LANSING, Mich. — Last year at this time, Michigan Gov. Rick Snyder was boasting about the state’s financial accomplishments, toying with a presidential run, and delivering a State of the State address that said his administration would ensure all Michigan residents could be pulled along by Michigan’s “river of opportunity.”

But as Snyder prepares to deliver his sixth State of the State address Tuesday, his political capital has plummeted, the state is grappling with what could be a billion-dollar mistake with incalculable consequences for human lives, and his river analogy is particularly unfortunate in light of a state-appointed emergency manager’s 2014 decision to save money by temporarily drawing Flint’s drinking water from the polluted and corrosive Flint River.

That move has led to a public health crisis, allegations of a state government cover-up, and Saturday’s declaration of a federal emergency in Flint by President Obama.

Amid calls for his resignation and protests planned in front of the Capitol on Tuesday, Snyder will deliver one of the most closely watched State of the State addresses in Michigan history.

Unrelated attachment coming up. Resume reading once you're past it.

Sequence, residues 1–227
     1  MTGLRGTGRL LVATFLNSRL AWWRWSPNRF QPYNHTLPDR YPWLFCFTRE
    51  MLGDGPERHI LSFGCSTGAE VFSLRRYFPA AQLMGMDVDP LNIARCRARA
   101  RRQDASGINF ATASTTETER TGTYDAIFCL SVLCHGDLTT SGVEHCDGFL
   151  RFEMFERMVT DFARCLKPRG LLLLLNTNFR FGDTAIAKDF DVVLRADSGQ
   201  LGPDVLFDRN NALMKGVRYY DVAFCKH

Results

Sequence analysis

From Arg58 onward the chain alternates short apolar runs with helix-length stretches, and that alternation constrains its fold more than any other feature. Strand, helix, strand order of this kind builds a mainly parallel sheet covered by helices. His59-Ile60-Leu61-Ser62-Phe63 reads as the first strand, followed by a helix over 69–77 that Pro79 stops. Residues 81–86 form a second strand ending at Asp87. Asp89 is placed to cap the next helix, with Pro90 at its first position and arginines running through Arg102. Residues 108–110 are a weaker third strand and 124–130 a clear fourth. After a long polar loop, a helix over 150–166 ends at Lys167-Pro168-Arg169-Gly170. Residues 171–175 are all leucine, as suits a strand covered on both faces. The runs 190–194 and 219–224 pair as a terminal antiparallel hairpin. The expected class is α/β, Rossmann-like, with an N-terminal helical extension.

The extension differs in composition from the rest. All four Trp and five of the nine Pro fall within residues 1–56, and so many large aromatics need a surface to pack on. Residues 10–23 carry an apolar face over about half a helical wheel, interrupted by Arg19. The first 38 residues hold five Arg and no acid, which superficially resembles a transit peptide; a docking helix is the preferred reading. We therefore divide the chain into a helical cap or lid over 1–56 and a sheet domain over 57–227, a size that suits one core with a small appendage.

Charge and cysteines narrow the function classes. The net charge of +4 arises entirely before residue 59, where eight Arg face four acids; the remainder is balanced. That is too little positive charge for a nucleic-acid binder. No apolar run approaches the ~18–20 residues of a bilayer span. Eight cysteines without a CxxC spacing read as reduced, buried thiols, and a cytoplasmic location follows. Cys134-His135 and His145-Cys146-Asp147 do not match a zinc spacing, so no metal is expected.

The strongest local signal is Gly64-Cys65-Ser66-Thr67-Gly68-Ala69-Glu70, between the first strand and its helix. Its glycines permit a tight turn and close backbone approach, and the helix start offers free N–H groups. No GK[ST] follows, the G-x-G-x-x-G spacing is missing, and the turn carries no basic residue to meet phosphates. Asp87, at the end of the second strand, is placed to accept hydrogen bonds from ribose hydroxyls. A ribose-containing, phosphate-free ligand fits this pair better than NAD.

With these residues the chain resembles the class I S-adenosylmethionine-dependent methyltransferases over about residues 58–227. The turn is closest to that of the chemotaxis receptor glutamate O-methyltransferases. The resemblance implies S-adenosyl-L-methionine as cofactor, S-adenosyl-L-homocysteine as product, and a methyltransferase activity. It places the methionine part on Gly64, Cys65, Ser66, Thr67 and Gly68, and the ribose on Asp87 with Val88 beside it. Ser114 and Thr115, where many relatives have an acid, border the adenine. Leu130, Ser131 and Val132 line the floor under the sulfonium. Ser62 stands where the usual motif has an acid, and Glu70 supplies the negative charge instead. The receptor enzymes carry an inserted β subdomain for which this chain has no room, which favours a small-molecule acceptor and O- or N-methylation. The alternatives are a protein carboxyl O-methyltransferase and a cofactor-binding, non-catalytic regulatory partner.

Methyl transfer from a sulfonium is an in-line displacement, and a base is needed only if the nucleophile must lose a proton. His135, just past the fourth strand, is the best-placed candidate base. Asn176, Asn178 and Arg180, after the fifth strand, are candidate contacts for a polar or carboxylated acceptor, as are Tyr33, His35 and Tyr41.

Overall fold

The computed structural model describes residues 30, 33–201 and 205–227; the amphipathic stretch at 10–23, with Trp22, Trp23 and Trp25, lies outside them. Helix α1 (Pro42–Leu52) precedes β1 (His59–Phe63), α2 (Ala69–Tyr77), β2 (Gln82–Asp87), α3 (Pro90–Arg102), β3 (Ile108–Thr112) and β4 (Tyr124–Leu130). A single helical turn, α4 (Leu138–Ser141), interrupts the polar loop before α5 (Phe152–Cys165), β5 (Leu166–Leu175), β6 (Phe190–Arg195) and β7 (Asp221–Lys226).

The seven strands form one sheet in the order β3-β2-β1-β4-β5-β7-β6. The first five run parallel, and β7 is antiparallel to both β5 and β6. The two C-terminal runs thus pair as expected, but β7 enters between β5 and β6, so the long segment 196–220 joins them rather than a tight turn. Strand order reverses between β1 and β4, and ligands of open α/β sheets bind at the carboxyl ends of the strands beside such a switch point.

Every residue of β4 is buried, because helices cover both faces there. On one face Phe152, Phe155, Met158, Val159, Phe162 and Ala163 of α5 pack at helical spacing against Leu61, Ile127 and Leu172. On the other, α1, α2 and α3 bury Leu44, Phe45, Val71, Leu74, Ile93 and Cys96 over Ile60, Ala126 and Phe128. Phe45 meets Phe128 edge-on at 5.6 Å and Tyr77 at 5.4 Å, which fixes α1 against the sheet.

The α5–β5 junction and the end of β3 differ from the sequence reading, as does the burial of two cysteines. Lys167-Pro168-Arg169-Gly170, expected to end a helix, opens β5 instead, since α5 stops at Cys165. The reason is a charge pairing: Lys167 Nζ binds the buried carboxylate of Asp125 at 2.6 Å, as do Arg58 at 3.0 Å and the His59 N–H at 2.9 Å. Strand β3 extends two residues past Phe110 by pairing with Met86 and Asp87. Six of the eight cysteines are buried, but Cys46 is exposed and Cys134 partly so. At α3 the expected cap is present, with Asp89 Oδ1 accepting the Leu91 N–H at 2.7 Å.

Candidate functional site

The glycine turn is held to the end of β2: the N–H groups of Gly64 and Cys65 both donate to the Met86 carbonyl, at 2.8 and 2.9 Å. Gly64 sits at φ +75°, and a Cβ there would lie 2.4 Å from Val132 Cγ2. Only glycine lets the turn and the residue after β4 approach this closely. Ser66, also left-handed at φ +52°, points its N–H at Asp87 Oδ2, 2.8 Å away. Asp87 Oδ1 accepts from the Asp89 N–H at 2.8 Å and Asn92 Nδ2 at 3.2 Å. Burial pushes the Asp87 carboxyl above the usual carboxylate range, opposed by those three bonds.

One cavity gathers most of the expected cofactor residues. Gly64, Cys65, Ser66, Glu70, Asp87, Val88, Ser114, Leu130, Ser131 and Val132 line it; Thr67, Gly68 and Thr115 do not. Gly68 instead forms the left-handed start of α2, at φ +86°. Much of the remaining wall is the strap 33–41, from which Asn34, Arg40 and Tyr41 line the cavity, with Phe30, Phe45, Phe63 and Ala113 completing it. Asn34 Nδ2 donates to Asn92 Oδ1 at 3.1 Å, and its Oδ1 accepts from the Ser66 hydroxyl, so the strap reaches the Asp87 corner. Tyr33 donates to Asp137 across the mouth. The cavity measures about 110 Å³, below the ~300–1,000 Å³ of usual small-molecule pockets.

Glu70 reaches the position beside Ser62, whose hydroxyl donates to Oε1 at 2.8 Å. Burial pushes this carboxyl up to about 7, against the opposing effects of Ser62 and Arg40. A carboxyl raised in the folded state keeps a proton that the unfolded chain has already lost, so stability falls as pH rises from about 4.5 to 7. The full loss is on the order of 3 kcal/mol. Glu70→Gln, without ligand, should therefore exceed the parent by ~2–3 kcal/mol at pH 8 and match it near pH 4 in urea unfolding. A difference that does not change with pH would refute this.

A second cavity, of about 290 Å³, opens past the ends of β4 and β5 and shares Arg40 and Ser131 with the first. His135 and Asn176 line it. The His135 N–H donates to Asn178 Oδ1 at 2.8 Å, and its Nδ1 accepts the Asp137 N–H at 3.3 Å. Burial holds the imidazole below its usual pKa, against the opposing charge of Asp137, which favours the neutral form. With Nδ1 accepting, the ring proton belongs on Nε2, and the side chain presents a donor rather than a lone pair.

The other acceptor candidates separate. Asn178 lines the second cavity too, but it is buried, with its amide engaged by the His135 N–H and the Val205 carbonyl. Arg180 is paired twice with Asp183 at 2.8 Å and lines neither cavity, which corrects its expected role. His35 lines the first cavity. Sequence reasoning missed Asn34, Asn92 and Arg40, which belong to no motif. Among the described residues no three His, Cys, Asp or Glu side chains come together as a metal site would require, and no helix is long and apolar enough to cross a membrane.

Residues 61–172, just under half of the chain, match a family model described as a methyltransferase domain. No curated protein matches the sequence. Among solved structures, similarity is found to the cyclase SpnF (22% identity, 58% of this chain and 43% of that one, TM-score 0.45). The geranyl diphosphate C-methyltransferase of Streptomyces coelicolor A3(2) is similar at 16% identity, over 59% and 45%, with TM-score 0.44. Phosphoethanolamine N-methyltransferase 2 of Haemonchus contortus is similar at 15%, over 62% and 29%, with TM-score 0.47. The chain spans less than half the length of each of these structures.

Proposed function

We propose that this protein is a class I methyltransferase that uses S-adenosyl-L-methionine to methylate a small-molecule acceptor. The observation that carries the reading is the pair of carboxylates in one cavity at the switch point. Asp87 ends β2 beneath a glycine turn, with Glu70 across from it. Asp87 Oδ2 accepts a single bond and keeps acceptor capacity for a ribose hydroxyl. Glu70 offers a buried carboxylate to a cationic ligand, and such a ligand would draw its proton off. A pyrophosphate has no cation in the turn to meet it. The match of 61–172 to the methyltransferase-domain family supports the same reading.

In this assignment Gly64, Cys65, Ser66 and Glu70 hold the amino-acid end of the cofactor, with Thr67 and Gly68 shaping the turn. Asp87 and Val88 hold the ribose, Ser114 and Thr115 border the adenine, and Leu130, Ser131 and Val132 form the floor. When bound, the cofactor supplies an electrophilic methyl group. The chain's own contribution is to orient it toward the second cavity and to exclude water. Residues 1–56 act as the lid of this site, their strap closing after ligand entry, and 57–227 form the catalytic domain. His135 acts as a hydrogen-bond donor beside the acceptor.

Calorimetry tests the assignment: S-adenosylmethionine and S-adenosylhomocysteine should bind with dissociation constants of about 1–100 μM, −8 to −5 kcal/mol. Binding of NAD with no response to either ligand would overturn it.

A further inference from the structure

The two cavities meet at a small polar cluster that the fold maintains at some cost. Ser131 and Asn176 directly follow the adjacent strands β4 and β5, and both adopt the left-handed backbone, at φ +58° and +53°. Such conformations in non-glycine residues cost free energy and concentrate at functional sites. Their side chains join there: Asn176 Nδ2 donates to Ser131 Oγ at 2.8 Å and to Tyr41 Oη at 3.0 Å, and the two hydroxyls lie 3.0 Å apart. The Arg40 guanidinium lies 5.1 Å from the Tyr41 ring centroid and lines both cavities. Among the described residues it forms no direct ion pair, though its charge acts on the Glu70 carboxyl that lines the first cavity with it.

Dennis Muchmore, Snyder’s outgoing chief of staff, said Friday he expects the Republican governor will confront the lead contamination of Flint’s drinking water early and prominently in his address, setting out a comprehensive plan for addressing not only the health-related issues in Flint, but the infrastructure problems there and in other cities around the state.

Snyder has publicly apologized for the state’s role in the catastrophe. But given the fact complaints about the taste, smell and appearance of Flint’s drinking water began shortly after the switch in April 2014 and continued for 18 months, many citizens aren’t buying Snyder’s claim that he wasn’t aware of the seriousness of the health issue until about Oct. 1 of this year.